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Browse Prior Art Database

Satin Finish Lamination

IP.com Disclosure Number: IPCOM000085618D
Original Publication Date: 1976-May-01
Included in the Prior Art Database: 2005-Mar-02
Document File: 1 page(s) / 11K

Publishing Venue

IBM

Related People

Doran, DE: AUTHOR [+2]

Abstract

A process is described for laminating printed-circuit boards and cards that display a surface completely free of the normal processing defects, such as epoxy dust, scratches, etc. The common method to laminate circuit panels is to stack copper and prepreg between highly polished steel planishing plates, and then to laminate the sandwich under heat and pressure.

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Satin Finish Lamination

A process is described for laminating printed-circuit boards and cards that display a surface completely free of the normal processing defects, such as epoxy dust, scratches, etc. The common method to laminate circuit panels is to stack copper and prepreg between highly polished steel planishing plates, and then to laminate the sandwich under heat and pressure.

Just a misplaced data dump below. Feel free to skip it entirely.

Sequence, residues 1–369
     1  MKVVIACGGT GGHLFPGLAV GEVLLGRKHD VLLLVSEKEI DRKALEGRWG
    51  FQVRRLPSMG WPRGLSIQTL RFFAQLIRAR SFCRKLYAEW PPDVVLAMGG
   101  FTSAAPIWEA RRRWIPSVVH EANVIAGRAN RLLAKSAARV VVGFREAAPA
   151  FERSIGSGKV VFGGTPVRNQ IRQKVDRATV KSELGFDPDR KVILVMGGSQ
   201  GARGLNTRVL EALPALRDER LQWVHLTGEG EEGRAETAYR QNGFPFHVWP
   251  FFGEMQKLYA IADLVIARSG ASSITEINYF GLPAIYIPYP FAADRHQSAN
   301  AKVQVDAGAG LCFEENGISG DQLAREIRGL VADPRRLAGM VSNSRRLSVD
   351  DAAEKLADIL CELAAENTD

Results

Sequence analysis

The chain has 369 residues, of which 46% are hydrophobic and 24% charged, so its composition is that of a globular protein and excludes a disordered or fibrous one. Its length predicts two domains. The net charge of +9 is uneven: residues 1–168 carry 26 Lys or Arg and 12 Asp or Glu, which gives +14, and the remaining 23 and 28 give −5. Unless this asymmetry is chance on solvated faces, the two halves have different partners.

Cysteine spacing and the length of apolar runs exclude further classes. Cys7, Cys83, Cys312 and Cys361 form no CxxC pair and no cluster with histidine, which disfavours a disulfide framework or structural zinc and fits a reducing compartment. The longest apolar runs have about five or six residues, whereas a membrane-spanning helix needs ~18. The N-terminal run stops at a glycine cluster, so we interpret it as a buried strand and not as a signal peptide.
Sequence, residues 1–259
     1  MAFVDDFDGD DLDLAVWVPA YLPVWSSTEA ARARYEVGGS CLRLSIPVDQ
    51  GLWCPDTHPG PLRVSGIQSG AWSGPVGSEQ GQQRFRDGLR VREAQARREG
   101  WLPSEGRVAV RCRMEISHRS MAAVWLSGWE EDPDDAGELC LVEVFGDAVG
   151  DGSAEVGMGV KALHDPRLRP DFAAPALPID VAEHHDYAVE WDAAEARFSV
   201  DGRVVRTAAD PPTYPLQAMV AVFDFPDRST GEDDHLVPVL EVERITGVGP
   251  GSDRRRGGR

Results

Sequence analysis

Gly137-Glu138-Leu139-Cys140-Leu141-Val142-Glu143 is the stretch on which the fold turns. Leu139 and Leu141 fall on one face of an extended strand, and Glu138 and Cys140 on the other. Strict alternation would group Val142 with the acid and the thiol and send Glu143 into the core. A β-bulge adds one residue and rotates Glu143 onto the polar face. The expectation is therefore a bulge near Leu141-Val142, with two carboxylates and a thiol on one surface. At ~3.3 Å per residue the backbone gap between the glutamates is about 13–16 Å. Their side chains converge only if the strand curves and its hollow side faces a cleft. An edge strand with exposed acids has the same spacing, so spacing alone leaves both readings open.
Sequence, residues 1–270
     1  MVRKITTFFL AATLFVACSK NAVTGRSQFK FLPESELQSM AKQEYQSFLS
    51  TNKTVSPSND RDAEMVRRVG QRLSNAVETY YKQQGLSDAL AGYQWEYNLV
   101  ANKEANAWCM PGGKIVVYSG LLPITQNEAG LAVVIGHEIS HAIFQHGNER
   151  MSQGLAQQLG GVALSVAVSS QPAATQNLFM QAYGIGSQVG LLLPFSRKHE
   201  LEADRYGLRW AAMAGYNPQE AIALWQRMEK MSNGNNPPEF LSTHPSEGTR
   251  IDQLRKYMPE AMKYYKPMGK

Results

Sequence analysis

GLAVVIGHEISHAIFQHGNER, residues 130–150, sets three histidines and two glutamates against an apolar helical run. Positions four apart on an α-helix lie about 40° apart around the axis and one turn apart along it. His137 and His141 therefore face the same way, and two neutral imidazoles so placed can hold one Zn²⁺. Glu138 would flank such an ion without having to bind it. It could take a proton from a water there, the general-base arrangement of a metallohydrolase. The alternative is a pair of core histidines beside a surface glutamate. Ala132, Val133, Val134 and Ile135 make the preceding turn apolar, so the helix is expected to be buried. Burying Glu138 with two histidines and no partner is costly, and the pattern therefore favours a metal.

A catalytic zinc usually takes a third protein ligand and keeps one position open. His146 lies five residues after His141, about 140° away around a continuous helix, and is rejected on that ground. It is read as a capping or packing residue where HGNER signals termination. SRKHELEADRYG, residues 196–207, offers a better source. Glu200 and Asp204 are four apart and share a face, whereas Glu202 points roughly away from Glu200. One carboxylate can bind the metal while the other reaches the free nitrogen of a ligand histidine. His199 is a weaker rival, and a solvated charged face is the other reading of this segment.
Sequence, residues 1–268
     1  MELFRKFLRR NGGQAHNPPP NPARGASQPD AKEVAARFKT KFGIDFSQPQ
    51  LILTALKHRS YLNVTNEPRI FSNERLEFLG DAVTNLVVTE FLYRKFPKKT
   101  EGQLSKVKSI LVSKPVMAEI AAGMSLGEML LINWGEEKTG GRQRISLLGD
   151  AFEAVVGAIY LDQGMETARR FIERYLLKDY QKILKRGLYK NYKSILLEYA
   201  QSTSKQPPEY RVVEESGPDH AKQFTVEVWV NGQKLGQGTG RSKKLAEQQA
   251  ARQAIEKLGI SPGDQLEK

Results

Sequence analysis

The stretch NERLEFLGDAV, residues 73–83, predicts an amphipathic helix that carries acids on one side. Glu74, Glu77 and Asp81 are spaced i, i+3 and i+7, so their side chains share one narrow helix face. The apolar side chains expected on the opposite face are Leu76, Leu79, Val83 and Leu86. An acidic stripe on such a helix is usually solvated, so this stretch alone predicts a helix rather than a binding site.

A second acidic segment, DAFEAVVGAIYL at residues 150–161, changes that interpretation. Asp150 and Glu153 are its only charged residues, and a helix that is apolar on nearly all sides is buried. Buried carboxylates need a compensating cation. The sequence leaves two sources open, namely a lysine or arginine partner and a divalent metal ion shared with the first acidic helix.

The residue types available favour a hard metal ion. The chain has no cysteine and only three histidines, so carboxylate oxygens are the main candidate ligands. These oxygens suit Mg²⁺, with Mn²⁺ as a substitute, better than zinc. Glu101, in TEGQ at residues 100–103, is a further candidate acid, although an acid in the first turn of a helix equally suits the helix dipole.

Using this method it was not uncommon to have epoxy dust created by the prepreg settle on the copper and planishing plates such that when the lamination took place,, the epoxy dust was laminated in the copper surfaces and could cause shorts in the panel when circuitized. The surface polishing techniques designed to remove the epoxy dust often scratched the soft copper surface, causing opens to exist in the panel when circuitized.

The present method provides for the use of a heavy paper. such as kraft paper, to be cut with the copper foil so that it is against the external side of the foil. This copper and paper sandwich is then stacked in a normal lay up, the paper being between the copper foil and the planishing plate. The paper protects the copper from the epoxy dust and because of this, the surface polishing process is no longer necessary.

The paper stays with the laminate throughout all machining operations protecting the surface thereof from damage, and eliminating the possibility that shorts or opens will result when the surface is circuitized.

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